• 10-25-2010, 05:50 AM
    audio amateur
    Daytime screen calibration
    When I'm not watching a movie, I usually have lights on or natural sunlight in the room. Ive calibrated my screen using the THX optimiser tool which emphasises that calibration must be done in a darkened room. But what about calibrating the screen for normal daytime viewing? is there a simple formula (up the brightness/cell light), or do you have to go through all the settings again and have two settings presets?

    Cheers
  • 10-25-2010, 06:36 AM
    Sir Terrence the Terrible
    Quote:

    Originally Posted by audio amateur
    When I'm not watching a movie, I usually have lights on or natural sunlight in the room. Ive calibrated my screen using the THX optimiser tool which emphasises that calibration must be done in a darkened room. But what about calibrating the screen for normal daytime viewing? is there a simple formula (up the brightness/cell light), or do you have to go through all the settings again and have two settings presets?

    Cheers

    You don't have to worry about the color as much as the brightness levels.

    If you have a ambient light detector on your set, I would engage it. It will lift the brightness levels as the light in the room increases. It will only lift it as needed, so you don't have to worry about any excessive changes to the brightness levels. This will also raise the black level a bit as well, so you will still be able to get some shadow detail, and it won't be crushed by excessive ambient light levels.
  • 10-25-2010, 07:00 AM
    audio amateur
    Quote:

    Originally Posted by Sir Terrence the Terrible
    If you have a ambient light detector on your set, I would engage it. It will lift the brightness levels as the light in the room increases. It will only lift it as needed, so you don't have to worry about any excessive changes to the brightness levels. This will also raise the black level a bit as well, so you will still be able to get some shadow detail, and it won't be crushed by excessive ambient light levels.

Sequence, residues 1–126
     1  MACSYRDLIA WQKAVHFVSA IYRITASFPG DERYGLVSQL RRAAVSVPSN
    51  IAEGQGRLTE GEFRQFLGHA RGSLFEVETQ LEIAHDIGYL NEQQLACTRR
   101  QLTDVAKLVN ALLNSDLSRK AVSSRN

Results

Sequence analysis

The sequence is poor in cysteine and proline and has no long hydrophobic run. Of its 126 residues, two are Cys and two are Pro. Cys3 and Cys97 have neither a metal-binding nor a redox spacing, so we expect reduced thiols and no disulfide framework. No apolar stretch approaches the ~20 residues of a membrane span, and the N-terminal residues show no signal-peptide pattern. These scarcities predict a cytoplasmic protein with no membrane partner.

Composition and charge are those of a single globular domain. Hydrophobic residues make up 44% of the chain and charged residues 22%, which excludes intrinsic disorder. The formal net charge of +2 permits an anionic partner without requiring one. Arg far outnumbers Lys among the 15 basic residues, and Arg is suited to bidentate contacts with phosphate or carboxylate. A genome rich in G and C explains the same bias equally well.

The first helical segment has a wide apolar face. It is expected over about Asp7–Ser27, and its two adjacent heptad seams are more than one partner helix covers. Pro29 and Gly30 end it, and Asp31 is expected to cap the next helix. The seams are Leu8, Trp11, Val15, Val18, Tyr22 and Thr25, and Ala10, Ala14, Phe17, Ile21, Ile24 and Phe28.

So simply using the settings I have for movie watching and engaging the light detector should be enough?
    Thanks T.
  • 10-25-2010, 07:01 AM
    GMichael
    I have run calibration for my projector under a few different conditions, and then saved the settings. I just use the one that matches the conditions of the time.
    As Sir T said, the color setting came out about the same. It’s the brightness and contrast that change the most. I don’t have an ambient light detector, but it is a 4 year old model.
  • 10-25-2010, 07:05 AM
    audio amateur
    Quote:

    Originally Posted by GMichael
    I donít have an ambient light detector, but it is a 4 year old model.

    And it's a projector :)
  • 10-25-2010, 07:25 AM
    GMichael
    Quote:

    Originally Posted by audio amateur
    And it's a projector :)

    Seems like a great app to have on a projector. Not sure if the newer models have them.
  • 10-25-2010, 07:31 PM
    Smokey
    As Sir T and GMichael mentioned, Contrast and Brightness are only adjustment that needed when going from dark to light room. Although I find myself adjusting Contrast more than Brightness when room light intensity changes.